When the paramedics exit their vehicle, a portion of the junkyard’s green, yellow and white awning is visible. That awning should be familiar to Sanford and Son fans. As Shady Grady notes, it is a perfect match to the S&S Salvage awning – even down to the bent grim trim!
Shady Grady goes on to say, “Pay attention to the buildings in the background and then go to the address above [10659 West Magnolia Boulevard] in Google Earth. As you look around in street view, you’ll see the stores across the street are still the same.” Though the corner building (denoted with pink arrows below) at 10626 West Magnolia looks a bit different today, it still bears the rounded shape it did on Emergency! The billboard seen in the episode (blue arrows), as well as the scaffold holding it (purple arrows) and the vacant area where it is situated are all direct matches to what appeared on “Alley Cat.” The overhang and door and window configuration of the building just east of the billboard (green arrows) at 10644 West Magnolia also remain frozen in time to when Emergency! was filmed.
When “Alley Cat” was shot, the junkyard was located next to an empty lot. That is now where the Actors Forum Theatre (10655 West Magnolia) stands. Adjacent to that was a thin one-story building (denoted with pink arrows below). That site now houses a Poquito Más outpost (10651 West Magnolia) and still looks much the same as it did onscreen in 1973. Across the street from that structure was some sort of auto supply store (blue arrows). Little of that spot has changed in the ensuing years. In fact, it is still home to an automotive store – San Fernando Tires & Wheels (10637 West Magnolia).
Shady Grady finishes up by saying, “Compare that to the opening credits of Sanford and Son and it falls into place. As Lamont pulls in the driveway, you can see a sign in front of the house, to the right of the driveway [pink arrow] and a power pole to the left of the driveway [blue arrow]. Both are in the Google earth photo.” The building with the angled overhang [purple arrow] seen in the background of the opening credits also remains the same today.
Being that the locale portrayed a junkyard in two different productions, I figured it was likely one in real life, too – at least at the time each was lensed. User waterguybob had written in to the message board in September 2014 to say that he had grown up three blocks away from 10659 West Magnolia and that it was indeed the site of Sanford and Son Salvage (he had even witnessed the filming!). While he said that the property housed a junkyard known as “Joe’s Junk Shop” during the shoot, I could not find any mentions of that name online or any definitive proof of his assertion – until I registered with newspapers.com, that is. Thanks to the incredible (albeit pricey!) stalking tool, I was able to uncover quite a bit of the locale’s history. Via the advertisement pictured below, which ran in the September 21st, 1967 issue of The Los Angeles Times, we know that 10659 Magnolia was the site of an actual junkyard at least as far back as that date, though it appears to have had no name at the time.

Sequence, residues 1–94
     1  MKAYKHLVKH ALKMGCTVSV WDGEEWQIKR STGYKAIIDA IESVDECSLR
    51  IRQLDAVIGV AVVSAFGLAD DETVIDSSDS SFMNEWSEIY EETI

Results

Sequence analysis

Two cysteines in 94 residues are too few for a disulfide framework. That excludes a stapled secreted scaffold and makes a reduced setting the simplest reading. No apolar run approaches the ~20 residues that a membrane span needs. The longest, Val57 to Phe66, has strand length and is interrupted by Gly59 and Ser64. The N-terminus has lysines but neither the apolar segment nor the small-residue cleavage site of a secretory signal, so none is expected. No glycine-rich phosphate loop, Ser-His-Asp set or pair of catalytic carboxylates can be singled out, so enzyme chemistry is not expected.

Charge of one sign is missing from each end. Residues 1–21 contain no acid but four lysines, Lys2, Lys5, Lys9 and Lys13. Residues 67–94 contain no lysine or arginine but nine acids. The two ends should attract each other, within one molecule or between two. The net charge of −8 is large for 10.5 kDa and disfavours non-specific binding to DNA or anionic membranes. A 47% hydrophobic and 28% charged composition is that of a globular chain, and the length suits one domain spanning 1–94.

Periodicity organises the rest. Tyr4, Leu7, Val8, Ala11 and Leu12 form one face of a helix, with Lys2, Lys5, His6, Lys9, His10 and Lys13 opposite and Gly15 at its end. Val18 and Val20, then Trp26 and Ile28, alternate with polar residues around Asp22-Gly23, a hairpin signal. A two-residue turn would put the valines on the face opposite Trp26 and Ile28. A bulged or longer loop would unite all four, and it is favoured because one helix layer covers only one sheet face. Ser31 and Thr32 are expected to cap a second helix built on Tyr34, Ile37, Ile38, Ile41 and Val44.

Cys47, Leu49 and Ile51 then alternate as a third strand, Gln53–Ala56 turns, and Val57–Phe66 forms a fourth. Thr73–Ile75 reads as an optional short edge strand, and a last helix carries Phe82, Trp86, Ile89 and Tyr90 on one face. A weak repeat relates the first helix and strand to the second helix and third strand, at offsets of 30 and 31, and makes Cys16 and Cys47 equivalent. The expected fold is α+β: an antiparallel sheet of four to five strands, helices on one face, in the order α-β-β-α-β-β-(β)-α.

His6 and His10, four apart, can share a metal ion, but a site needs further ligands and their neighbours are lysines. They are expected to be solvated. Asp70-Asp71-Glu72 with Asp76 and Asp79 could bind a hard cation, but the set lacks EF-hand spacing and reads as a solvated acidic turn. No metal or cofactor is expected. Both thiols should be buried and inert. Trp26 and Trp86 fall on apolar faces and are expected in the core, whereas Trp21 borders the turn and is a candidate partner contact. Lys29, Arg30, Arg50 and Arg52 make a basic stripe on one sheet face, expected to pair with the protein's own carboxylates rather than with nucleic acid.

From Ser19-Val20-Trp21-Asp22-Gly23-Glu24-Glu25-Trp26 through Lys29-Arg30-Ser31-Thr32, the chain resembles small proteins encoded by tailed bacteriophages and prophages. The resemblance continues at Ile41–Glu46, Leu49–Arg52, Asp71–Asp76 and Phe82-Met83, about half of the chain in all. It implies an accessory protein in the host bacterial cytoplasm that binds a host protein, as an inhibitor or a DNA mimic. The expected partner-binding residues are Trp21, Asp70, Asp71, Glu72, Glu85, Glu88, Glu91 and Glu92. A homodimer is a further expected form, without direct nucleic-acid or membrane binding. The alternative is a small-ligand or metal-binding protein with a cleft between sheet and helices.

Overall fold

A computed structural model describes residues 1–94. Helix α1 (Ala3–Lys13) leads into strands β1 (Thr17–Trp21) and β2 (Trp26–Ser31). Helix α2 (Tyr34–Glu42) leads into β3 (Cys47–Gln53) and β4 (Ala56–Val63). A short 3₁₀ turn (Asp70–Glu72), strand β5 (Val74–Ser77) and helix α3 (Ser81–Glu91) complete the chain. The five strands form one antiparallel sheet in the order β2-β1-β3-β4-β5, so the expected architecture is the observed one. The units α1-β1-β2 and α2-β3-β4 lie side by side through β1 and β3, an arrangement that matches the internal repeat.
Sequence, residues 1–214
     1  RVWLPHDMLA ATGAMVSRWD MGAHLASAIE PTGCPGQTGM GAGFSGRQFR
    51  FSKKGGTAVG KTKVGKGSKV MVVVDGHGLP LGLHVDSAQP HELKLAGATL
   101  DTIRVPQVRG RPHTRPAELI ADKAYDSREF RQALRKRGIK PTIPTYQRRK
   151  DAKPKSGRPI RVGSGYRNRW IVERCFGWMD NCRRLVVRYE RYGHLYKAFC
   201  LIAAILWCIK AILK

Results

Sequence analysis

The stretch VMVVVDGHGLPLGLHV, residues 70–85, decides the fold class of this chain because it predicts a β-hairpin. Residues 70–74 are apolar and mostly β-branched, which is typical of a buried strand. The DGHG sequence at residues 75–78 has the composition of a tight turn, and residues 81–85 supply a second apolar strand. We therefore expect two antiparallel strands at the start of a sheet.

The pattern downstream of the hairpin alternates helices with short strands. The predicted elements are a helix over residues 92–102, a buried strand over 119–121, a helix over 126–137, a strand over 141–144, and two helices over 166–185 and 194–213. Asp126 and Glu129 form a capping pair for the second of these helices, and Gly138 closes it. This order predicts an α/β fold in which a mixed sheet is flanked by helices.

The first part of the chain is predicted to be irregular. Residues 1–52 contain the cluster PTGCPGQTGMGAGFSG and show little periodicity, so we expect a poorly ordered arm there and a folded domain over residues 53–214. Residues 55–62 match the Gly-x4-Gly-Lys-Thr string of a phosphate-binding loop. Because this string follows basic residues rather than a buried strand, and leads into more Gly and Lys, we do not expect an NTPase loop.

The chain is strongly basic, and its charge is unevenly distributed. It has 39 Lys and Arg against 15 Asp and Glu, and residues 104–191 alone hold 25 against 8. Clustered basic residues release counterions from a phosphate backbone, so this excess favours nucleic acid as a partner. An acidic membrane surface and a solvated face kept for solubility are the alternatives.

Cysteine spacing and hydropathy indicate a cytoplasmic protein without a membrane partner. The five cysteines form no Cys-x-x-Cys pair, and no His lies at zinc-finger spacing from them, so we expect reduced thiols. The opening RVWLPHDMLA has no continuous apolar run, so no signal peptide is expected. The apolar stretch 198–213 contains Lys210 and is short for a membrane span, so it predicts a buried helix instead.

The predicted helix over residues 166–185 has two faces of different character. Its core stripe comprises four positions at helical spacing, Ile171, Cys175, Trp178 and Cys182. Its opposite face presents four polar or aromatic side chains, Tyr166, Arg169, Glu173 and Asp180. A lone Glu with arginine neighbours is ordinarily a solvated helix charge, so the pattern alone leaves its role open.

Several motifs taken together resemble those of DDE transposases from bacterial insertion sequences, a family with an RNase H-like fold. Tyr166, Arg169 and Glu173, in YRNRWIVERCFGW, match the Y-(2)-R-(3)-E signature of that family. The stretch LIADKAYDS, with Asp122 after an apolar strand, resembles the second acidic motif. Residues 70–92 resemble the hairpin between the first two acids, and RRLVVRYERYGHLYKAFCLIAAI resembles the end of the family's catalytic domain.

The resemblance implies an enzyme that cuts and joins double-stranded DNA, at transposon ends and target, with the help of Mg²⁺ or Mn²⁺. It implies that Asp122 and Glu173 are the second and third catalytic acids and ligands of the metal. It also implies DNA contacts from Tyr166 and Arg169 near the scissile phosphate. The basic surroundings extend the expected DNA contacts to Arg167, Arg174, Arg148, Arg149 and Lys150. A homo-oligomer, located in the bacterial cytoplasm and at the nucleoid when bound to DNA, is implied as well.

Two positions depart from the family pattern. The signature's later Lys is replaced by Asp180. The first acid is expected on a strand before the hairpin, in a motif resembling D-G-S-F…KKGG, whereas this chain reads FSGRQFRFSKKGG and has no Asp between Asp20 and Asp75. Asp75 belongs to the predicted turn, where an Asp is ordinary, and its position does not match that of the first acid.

I hit pay dirt thanks to the October 8th, 1977 Valley News article below, which detailed the locale’s transition from a junkyard named “The Select Shoppe” into a theatre. Yep, you read that right. According to author Bobbi Zane, somewhere around late 1975, proprietor Joe Lawler turned his long-running scrapyard into a live performance venue known as the Junk Yard Theater. As Zane states, “He’d been donating props occasionally for various productions and his shop was well known to many actors. One day an actor strode into the shop and suggested, ‘Why don’t you make a theatre out of the junk yard?’ The idea struck home, and in short order Lawler had cleared the yard and had his first production underway. It was ‘Everybody Loves Opa [sic],’ appropriately concerning a man who runs a junk store.” Though the place still had the feel of a wrecking yard, with Zane stating “old furniture, bicycle parts, kitchen utensils, tools line the path every patron has to make his way through to get to the theater,” Lawler did add Astroturf, two fish ponds, and plenty of foliage, transforming the site into a “lovely” space.
I am unsure of what year the Junk Yard Theater shuttered, but per various newspapers ads and blurbs plays were running on the premises through October 1978.
I could not find any articles detailing the razing or remodeling of the site, so I next headed over to the Los Angeles Department of Building and Safety website to search building records and quickly discovered that the Sanford and Son Salvage storefront, along with the property next to it at 10661 West Magnolia, were demolished in March 1989. New structures were subsequently built in their place that same year. So while some have surmised that the locale might have merely been altered in the years since filming took place, I can safely – and sadly – say that is not the case. Sanford and Son Salvage no longer exists.
During my research, I came across the Sanford and Son publicity shot pictured below. Interestingly, though a sign reading “Sanford and Son Salvage” is positioned on the fence, the photo was obviously not lensed at the Magnolia Boulevard location, being that no house was ever situated there. I am unsure of where exactly the picture was taken or why a different locale was used for it, but if anyone happens to know, please fill me in.
Big THANK YOU to fellow stalker Dale for asking me to look into this location and to fellow stalker Richard for providing the Emergency! screen captures.
Until next time, Happy Stalking!
Stalk It: The former site of the Sanford and Son house and junkyard can be found at 10659 West Magnolia Boulevard in North Hollywood. Sadly, the building was razed in 1989 and a new structure now stands in its place.